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How to be more assertive

Sep 01 2016 16:59
finweek team
Dr Marlet Tromp is a life and corporate coach.

Dr Marlet Tromp is a life and corporate coach. (Picture: Supplied)

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Being assertive won’t solve all your problems at the office. (Barry’s bad breath probably requires medical intervention.) But by standing up for yourself, you could sort out most of it.

Many people believe that by being agreeable they can avoid conflict and build a network of alliances in the office. But being submissive, constantly having your needs disregarded and feeling obliged to say yes to all demands is stressful. You may be all nice and sweet on the outside, but inside you are a seething mess of resentment, which may spill over in all sorts of passive aggressive ways. Also, you will end up being sidelined.

In fact, if you are serious about your career and personal growth, assertiveness is not optional. No-one will hand you success and respect. You have to stand up for yourself, and be able to communicate clearly about what matters to you. 

Learning to be more assertive is the one key intervention that makes the biggest difference in her clients’ lives, says Dr Marlet Tromp, a life and corporate coach in Johannesburg.

“But for many of us, standing up for our interests goes against how we are raised: to be agreeable.”

Here’s how to amp up your assertiveness:

Set boundaries: Before automatically agreeing to a request, or with a statement, test it against your own needs and beliefs. Ask yourself what your rights are when it comes to protecting your own time and energy. This will help you define what you should say yes to and when to say no.

Prepare for difficult situations: Write down your thoughts and rehearse your views. Be prepared for any questions or objections.

Shake it off: Being assertive will inevitably lead to more conflict in your life. Your needs may not necessarily fit the needs of others, and expressing yourself may provoke criticism.

When someone says something negative to you, first decide whether the criticism is constructive and truthful, says Tromp. If you don’t believe it is justified, don’t internalise the remark. “Also, repeat the criticism back to the person and ask if you understood their view correctly.” This will force them to repeat the criticism, often leading to a qualification of the first remark.

Watch your language: Don’t undermine yourself by using tentative language. Words and phrases like “just”, “sorry”, “actually”, “I think”, “Does that make sense?” and “I’m not an expert” don’t inspire confidence in your message and will diminish your message. (A new free Gmail plug-in called Just Not Sorry will highlight these offending words and help you make your emails stronger.)

Also, avoid filler words like “um” and “like”.  Say what you want to say and don’t qualify your message. To get what you want, you will have to express it in clear language. Make sure that you don’t waffle on, but that you make your point in a logical and direct way. Also, use “I”, rather than “you”, is Tromp’s advice. You will get a much better result if you say something like, “I feel disrespected when you don’t react to my emails” – instead of, “You never respond to my emails.”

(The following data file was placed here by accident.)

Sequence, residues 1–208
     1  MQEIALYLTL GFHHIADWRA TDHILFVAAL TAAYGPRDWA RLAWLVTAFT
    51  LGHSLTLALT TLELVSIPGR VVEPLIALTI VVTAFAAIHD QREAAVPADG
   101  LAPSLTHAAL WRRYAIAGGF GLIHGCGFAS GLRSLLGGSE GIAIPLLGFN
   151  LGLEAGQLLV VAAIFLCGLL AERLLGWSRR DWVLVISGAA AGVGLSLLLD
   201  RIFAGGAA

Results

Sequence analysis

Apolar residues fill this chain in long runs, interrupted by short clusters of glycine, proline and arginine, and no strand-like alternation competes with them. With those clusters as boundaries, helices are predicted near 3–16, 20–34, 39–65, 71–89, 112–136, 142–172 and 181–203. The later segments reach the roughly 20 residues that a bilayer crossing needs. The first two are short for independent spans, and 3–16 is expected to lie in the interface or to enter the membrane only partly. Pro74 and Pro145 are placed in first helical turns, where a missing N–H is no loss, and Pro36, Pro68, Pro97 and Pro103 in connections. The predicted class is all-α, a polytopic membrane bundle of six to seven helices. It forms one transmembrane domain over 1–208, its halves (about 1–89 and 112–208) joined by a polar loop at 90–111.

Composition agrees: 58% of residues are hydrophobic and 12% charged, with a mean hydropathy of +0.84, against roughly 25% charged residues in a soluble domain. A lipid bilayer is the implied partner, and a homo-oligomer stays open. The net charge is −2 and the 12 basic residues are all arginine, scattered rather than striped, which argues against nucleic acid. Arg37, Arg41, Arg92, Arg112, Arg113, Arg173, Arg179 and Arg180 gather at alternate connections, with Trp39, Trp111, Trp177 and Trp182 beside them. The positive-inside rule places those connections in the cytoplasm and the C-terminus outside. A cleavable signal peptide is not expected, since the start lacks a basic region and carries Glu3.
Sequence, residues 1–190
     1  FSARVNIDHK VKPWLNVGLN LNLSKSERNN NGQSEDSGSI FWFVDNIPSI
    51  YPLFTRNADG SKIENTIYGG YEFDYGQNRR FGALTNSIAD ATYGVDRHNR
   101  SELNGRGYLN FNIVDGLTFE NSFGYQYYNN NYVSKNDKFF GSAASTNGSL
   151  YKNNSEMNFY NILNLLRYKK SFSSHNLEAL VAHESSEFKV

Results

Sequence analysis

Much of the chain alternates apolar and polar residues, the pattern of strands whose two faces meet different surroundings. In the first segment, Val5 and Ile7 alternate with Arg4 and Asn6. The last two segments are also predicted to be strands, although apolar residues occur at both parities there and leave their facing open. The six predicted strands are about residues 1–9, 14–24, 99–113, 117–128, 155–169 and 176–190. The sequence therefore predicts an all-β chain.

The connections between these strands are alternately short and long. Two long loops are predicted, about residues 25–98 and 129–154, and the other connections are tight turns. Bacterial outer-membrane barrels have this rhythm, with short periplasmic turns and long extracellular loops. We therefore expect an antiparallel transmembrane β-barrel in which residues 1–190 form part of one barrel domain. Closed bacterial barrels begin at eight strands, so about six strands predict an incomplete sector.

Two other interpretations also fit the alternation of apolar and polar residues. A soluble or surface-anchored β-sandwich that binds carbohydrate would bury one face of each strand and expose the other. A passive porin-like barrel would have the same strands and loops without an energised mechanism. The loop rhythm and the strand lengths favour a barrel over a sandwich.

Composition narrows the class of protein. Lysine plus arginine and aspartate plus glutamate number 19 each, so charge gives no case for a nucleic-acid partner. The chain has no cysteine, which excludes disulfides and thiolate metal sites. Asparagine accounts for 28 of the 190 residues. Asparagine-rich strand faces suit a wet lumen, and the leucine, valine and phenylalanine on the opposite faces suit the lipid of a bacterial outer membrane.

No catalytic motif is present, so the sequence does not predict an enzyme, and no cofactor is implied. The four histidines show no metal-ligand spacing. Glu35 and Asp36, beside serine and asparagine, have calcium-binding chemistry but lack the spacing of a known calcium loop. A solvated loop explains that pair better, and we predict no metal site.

Be a broken record: This assertiveness technique can be surprisingly effective, says Tromp. 

When your view is being ignored, repeat in a calm voice the exact message you want to get across. It will help to stop you flaring up in anger, or prevent other people derailing you and taking advantage of you. Simply repeat the same phrase in a measured tone over and over again. Importantly, don’t make excuses or introduce new information. For example: “I won’t be able to take over your project.” Then: “I understand you are under a great deal of stress, but I won’t be able to take over your project.” And then: “That’s really not relevant to the issue under discussion. I won’t be able to take over your project.” 

Keep calm: Don’t lose control and self-respect by flying off the handle and saying things that will undermine your position. “The best way of being assertive is to remain calm and by being measured,” says Tromp. Don’t ever react in anger. Instead, step away from the situation (or sit down, at least) and take time before you react.

Adopt a daily assertiveness regime: Move out of your comfort zone and test yourself in different situations. This can include making small talk with strangers, or asserting yourself in small decisions, like choosing a restaurant for a group of friends. 

Don’t put the ‘ass’ in ‘assertive’: There is a big difference between being aggressive and being assertive. Listen carefully to others and take great care to understand their opinions and beliefs. Being assertive doesn’t mean that your views are automatically right, so be respectful of and open to other views. Seek win-win outcomes that acknowledge all participants and benefit all involved. 

Check your body language. Sit up straight and make eye contact at all times. Adopt a high power pose: Stand tall with your chest out and your hands on your hips. 

Don’t shift the blame: By admitting mistakes and shouldering responsibility, you will earn respect. 

Take an active role: Listen carefully in meetings, ask questions and offer your opinions. Don’t shy away from responsibility; seize every opportunity to prove yourself.

This article originally appeared in the 8 September edition of finweek. Buy and download the magazine here.

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